“London, in the late 70’s, was the perfect place for someone like myself. I had devoured the counter-culture that erupted in the America of the 60’s and early 70’s. London presented itself as a creative playground. There were empty buildings to live in and an abundance of unused warehouse spaces allowed me to shoot very large, and sometimes complicated, sets. As long as I didn’t mind spending most of my fee on a shoot I could achieve almost anything.
I studied at London College of Printing where the graphical element of images, the meaning of subtle gesture, the rules of perception and the science behind the art became my focus. I started taking studio shots, learning how to light, and organise a photo session. There were many collaborations, but Stephen Jones, then a student at St.Martins, was the most influential. Becoming social secretary in my final year created a circle of music contacts, taught me to commission posters and hire bands.
After graduating and during my apprenticeship as a photographers assistant, I got my first commissions from Rusty Egan and Steve Strange for their band Visage, Stephen Jones, now a hat designer, for his newly opened first shop and Alex McDowell who had just set up his record cover design company, Rocking Russians.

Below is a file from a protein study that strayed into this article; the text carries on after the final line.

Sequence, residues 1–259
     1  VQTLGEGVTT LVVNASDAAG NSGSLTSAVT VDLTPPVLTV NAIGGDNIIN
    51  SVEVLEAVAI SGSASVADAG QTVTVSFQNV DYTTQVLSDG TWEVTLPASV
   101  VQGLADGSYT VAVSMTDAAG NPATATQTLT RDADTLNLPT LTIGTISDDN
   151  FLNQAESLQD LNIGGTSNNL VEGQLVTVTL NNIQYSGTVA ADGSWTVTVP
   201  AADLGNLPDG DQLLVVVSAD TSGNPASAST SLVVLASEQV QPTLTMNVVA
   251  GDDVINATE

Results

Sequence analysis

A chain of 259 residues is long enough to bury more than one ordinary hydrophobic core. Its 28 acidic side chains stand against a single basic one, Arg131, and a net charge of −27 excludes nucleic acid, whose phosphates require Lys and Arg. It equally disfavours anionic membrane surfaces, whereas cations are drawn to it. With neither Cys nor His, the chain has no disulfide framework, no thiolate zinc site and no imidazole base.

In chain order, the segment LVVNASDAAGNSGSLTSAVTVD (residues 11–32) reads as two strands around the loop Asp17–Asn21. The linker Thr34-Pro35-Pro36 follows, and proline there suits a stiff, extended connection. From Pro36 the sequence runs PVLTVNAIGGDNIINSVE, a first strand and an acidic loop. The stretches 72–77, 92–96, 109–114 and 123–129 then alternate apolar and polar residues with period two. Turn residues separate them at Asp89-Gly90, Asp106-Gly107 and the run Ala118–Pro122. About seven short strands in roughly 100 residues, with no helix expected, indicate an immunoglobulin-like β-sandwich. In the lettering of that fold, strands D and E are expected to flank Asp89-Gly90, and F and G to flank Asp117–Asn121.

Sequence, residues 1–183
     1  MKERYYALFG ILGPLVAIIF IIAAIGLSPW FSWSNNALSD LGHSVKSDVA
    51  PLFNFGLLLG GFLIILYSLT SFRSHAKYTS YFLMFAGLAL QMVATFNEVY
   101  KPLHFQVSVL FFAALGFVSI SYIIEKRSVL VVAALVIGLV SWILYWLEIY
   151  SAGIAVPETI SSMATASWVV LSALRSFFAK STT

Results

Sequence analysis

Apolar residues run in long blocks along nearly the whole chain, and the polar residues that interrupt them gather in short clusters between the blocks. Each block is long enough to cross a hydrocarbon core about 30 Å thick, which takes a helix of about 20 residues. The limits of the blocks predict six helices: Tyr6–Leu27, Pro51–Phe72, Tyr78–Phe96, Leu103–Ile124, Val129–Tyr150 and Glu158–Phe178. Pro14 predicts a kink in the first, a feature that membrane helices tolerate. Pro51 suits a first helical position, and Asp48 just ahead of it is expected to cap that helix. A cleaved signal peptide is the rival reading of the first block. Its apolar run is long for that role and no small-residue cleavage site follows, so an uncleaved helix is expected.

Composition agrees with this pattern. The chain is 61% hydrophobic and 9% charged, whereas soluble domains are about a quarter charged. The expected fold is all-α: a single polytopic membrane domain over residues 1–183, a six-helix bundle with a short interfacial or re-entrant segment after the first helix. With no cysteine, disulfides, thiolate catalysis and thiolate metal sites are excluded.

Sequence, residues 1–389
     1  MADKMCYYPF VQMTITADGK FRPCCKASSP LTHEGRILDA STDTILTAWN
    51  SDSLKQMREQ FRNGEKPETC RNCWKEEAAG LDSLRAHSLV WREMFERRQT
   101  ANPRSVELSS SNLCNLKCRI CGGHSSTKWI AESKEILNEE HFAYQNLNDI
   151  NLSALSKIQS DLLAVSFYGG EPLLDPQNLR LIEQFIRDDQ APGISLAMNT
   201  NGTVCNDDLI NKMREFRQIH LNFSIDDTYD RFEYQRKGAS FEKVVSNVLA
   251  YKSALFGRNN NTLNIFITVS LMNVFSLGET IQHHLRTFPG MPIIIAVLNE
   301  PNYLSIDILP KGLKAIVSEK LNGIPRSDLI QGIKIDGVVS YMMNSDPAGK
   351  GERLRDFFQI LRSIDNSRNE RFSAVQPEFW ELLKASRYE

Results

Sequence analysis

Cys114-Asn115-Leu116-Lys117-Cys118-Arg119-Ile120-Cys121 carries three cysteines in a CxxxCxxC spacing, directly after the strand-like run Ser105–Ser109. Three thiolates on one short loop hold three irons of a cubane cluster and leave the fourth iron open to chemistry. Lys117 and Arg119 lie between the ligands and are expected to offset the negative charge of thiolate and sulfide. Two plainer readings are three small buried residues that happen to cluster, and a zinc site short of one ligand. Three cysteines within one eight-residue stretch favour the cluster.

From then on everything just got bigger and bigger: The Blitz, New Romantics, Adam and the Ants, Soft Cell, Eurythmics. The 1980’s was a feverish decade in which many experimenters in music, fashion and style became household names, and I was right in the mix of things. Discovering that I was mentioned in Mari Wilson’s song “Just What I Always Wanted” added a surreal edge.
I had many successes shooting music photography; allowing me to work with inspired creators, both behind and in front of the camera, and able to keep building a set of extraordinary iconographic images.
A few of which I present in my first London solo show.
All prints have been made by Brian Dowling, of BDi Labs, on FujiFlex SuperGloss photographic archive paper. Brian created Cross-Process, a film process and a new look, changing the colour palette forever and by his use of masks and light, a fresh vision in colour printing. I am very pleased he has taken part in creating the richly coloured images for this exhibition.”
Peter Ashworth - 2018